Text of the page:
Printed Letters: July 24, 2104

Competition between hospitals is a good thing
The recent public spat between St. Mary’s and Community Hospital seems to have taken a very public turn.  It is also disappointing to read the bias from The Daily Sentinel favoring St. Mary’s Hospital. As a former board chair of Community Hospital, I’d like to clarify a few things.

First, there is little doubt that there is some great medicine practiced and some great people who work at St. Mary’s Hospital. My son was born at St. Mary’s. However, it is not and should not be a foregone conclusion that they will always be the dominant medical provider in the Grand Valley. Community Hospital is significantly smaller, but it is a locally owned non-profit facility and its success is vital to the community.

Second, competition is not a bad thing.  In the areas where Community Hospital and St. Mary’s compete head to head, costs for patients are significantly lower than where St. Mary’s has a monopoly. Monopolies are never good for the consumer. And in today’s insurance market, more and more plans are high-deductible plans and cost is a factor. In fact, Community Hospital is significantly lower priced on nearly every service it offers.

Finally, Community Hospital is run and managed by community members like me and you. The decisions made are to benefit the health of the citizens of the Grand Valley. It is not part of a larger system that has other competing agendas. The decisions are all made right here in Grand Junction, not Denver or the Vatican. And local decisionmaking is a good thing.

SCOTT MERCIER
Grand Junction


Drilling in Garfield Creek area is sensitive to needs of wildlife
WPX Energy and the Colorado Parks and Wildlife (CPW) have been working collaboratively within the Garfield Creek State Wildlife Area (GCSWA) for more than six years. Other operators, including DeJour, Calpine, and Orion also have a history of working with CPW to develop minerals in the same area.

This is important context for Daily Sentinel readers who read the headline over Dennis Webb’s article Wednesday that suggests drilling and energy development are at odds with wildlife management. While the story does a good job explaining how WPX Energy and CPW work together through a surface-use agreement, it implies this is a new development competing with elk herds.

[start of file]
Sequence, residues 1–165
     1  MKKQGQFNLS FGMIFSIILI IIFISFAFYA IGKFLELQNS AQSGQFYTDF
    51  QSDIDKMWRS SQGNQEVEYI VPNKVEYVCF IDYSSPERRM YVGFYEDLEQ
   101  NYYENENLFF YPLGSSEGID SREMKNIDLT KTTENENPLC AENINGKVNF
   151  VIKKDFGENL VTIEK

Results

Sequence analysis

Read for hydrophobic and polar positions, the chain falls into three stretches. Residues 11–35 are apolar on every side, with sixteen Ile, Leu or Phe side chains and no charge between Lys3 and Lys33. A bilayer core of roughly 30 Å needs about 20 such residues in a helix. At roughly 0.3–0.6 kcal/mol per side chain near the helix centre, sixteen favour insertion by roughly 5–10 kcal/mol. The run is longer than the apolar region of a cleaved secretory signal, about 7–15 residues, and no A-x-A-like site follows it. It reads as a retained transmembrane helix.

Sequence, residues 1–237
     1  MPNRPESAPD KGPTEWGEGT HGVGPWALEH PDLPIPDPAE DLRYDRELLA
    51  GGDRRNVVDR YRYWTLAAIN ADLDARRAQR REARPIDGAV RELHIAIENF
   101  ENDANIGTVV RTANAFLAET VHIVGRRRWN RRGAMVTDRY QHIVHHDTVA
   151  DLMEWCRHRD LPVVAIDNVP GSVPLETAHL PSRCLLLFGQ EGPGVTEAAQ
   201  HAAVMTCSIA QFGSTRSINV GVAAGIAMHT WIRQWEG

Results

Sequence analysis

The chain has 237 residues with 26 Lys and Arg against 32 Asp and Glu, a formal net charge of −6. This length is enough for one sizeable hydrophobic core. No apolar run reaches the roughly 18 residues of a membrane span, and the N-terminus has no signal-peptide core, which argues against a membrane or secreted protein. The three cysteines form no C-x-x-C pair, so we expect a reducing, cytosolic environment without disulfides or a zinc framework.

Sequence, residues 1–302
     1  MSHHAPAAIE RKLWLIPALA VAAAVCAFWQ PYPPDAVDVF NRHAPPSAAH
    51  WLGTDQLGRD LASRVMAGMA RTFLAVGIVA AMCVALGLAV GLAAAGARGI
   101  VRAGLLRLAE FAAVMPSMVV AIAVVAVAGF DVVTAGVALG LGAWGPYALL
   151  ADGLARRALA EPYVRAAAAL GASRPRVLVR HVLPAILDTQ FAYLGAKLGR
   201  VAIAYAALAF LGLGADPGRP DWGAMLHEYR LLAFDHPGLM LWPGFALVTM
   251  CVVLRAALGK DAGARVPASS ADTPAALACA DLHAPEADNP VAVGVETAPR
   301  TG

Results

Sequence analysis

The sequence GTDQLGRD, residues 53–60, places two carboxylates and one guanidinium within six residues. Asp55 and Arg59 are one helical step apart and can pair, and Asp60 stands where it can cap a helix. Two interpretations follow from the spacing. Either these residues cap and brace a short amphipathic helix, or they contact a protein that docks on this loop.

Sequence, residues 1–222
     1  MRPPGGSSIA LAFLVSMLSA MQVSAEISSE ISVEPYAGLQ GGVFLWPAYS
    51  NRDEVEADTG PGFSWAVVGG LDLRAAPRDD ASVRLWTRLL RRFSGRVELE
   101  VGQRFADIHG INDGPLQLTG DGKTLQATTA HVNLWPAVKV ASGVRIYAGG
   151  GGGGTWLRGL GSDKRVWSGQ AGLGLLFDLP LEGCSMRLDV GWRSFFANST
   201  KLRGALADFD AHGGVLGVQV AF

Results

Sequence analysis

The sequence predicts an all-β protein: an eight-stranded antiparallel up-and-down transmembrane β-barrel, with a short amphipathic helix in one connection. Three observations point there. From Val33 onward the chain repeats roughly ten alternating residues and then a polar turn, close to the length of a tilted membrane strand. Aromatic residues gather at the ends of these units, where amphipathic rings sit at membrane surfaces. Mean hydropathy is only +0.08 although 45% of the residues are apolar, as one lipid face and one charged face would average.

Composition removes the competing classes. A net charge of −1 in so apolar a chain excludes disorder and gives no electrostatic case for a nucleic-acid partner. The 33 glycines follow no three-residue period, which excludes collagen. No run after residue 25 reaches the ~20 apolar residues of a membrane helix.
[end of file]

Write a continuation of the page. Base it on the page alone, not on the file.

In reality, the GCSWA is unique in its establishment as a wildlife area with the expectation that private minerals have value and would be developed. Drilling and wildlife are not mutually exclusive, and it should be noted that agencies, like CPW, are successfully working with oil and gas operators who respect the diverse use of public lands where private minerals are leased.

WPX Energy can efficiently compress a 6-12 month drilling project into three months to avoid elk and deer mating and migration. Through consultation with CPW, WPX has invested in conserving and improving the thriving elk and deer herds with proactive reclamation and habitat projects.

Continuing to take responsible actions in partnership with CPW to minimize impacts and improve habitat in the GCSWA is our commitment.  Ongoing and frequent communication with CPW and local municipalities, including annual meetings with neighboring landowners before projects begin, are important activities that also support this commitment.

JEFF KIRTLAND
Community Relations Representative
WPX Energy


Arotin is the only candidate qualified to be county sheriff
The most important vote to be cast in the next election is that for sheriff. This is the only office in Mesa County that directly and indirectly affects every person in Mesa County.

The sheriff’s responsibilities are huge, both obvious and discreet.

The sheriff must investigate and apprehend villains while safeguarding individual liberty.

The sheriff must maintain courthouse security and a well-functioning jail.

The sheriff must perform tasks such as keeping a sex offender register and transporting prisoners to and from various locations across the country.

The sheriff must maintain working relations with state, local, and federal law-enforcement agencies.

The sheriff must maintain effective relations with the county commissioners while operating under a budget but still attracting high quality personnel.

Mesa County has had a history of excellent sheriffs.

From his days as a U.S. Navy medic, caring for Marines, until his current position with the Mesa County Sheriff’s Office, Pat Arotin has been exemplary in all ways.

By education, training, experience, personal disposition and integrity, he is the only person qualified to assume the position as sheriff of Mesa County.

CATHERINE C. BURKEY
Grand Junction


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